I just finished Mary Miller's Big World last night. Chris Offutt closes his introduction to the book with this line: "You will close the book with respect for Mary Miller." I couldn't agree more.
Her new book, Last Days of California, is getting good press, and after finishing this collection, I'm not at all surprised. Miller's characters are awkward. They live in an awkward world. And they get by, somehow, despite many odds being against them. This is not a book of stories about triumph, but about sublime dysfunction: relationships that shouldn't last, families that don't work, addiction, abuse, heart break.
Miller is able to create a landscape from just a few notes, and then explore that landscape until it sounds like a symphony of regret, loneliness, and directionless wishes for something better. These people want to connect with one another, they just aren't very good at it. They cheat on their spouses, lie to their parents. They keep rooms in their hearts locked away from everyone else--and then lament their aloneness.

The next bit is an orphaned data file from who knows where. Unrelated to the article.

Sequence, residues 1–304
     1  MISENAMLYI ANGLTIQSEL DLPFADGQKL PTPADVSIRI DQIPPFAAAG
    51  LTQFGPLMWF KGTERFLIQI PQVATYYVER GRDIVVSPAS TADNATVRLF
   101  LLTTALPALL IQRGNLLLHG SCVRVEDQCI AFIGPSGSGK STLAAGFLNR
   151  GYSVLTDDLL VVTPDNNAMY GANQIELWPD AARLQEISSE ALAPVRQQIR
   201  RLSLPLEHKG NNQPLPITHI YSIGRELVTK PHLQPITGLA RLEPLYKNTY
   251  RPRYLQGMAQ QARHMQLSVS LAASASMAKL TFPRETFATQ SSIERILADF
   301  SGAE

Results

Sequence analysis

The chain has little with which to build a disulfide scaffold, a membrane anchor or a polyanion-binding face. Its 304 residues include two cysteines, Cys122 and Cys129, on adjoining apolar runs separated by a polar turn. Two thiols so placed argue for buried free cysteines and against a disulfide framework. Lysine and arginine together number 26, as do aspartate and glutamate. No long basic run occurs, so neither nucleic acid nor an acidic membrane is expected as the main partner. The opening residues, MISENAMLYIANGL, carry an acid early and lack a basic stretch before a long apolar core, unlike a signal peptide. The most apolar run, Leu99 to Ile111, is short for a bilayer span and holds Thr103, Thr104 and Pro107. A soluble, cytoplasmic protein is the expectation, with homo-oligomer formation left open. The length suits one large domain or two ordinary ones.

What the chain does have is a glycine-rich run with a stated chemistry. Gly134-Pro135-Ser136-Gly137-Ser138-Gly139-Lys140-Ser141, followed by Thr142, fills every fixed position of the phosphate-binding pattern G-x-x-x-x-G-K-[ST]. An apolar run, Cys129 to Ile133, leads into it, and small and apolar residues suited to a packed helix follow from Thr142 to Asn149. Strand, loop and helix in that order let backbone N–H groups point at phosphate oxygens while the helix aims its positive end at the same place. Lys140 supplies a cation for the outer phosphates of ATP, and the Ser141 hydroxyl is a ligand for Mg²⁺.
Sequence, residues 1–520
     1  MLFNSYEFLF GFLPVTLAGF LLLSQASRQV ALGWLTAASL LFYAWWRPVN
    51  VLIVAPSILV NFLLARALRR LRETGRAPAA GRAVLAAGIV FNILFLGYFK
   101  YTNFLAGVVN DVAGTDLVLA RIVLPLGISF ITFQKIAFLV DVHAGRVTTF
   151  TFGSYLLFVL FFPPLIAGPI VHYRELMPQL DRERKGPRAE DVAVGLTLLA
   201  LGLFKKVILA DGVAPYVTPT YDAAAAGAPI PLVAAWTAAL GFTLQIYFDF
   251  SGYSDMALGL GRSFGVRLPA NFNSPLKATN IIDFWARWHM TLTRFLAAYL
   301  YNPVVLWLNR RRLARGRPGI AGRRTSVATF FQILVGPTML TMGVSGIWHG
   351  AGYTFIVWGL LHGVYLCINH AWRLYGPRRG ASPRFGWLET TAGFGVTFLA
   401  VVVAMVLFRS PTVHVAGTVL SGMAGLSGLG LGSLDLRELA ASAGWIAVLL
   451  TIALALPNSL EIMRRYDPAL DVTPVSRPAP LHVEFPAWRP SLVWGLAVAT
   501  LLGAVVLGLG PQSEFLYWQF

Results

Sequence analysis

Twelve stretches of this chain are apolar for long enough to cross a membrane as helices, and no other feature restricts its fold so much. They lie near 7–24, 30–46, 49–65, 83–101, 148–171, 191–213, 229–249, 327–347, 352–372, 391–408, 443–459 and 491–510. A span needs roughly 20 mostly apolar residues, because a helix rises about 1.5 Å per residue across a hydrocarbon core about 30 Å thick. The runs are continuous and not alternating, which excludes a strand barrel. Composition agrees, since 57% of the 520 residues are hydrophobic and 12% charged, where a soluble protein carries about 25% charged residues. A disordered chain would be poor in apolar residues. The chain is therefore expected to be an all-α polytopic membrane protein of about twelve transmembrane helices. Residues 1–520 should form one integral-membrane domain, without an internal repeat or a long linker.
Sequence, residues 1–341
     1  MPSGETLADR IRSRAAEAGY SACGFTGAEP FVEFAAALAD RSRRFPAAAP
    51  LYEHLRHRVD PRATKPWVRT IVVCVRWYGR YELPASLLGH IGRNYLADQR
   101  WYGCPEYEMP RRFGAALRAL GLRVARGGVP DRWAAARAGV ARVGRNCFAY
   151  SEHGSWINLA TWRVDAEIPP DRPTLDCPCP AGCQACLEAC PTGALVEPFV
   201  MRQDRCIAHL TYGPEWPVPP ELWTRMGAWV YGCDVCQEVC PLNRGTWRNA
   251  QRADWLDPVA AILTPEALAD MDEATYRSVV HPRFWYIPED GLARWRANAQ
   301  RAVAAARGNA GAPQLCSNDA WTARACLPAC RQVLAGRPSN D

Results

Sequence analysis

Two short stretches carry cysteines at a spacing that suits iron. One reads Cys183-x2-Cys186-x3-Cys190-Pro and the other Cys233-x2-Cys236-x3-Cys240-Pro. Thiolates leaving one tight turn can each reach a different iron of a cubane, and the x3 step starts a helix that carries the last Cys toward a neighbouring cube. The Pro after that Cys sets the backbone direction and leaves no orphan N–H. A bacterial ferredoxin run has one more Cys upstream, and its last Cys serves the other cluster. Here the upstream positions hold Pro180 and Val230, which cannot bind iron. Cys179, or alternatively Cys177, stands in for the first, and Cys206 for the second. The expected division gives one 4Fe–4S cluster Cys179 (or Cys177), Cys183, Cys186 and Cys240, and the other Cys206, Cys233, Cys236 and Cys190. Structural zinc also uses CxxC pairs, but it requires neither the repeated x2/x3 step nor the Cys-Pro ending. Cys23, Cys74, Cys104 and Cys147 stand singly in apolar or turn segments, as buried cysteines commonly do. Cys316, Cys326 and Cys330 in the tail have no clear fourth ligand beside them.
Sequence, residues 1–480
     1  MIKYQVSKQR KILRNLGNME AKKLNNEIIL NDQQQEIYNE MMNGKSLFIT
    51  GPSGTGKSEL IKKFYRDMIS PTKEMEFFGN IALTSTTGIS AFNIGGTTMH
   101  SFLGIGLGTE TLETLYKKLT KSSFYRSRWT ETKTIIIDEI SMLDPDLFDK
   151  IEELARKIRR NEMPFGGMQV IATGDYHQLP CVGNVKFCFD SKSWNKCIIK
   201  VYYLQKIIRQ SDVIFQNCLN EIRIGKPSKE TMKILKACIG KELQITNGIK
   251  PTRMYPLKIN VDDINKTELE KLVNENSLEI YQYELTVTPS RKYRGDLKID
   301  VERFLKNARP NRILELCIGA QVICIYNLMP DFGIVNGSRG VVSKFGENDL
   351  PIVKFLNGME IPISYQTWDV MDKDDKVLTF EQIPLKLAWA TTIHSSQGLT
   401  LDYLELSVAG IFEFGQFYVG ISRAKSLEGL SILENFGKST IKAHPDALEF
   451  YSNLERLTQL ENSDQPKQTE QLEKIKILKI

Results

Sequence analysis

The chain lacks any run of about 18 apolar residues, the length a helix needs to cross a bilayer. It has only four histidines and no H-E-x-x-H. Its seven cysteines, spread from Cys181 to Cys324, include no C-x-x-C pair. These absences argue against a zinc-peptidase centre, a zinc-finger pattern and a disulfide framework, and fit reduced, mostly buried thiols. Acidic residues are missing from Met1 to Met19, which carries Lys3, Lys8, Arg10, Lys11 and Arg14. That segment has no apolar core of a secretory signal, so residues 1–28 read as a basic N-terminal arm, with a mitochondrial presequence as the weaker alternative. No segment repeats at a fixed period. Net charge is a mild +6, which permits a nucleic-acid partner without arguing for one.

BUT. Like all the sad songs on the radio, these weird, broken lives are beautiful. So beautiful that I was sorry when the last story had spun out like a kid's bike in a dirt yard. Miller demonstrates such a deep empathy and compassion for her characters that it rubs off on the reader. These aren't freaks to gawk at, but real people trying to get by--just like anyone. Just like you and me.
NOTES: I'm unsure how to make that link smaller--still learning where all the closets and outlets are in the new blog home. Also, if you use the above link to buy a copy of Miller's book, I will make a few cents. You can also buy it from Powell's and from Hobart and I won't make anything--but Miller herself, and her indie publisher, might make a little more. Spend your money wisely.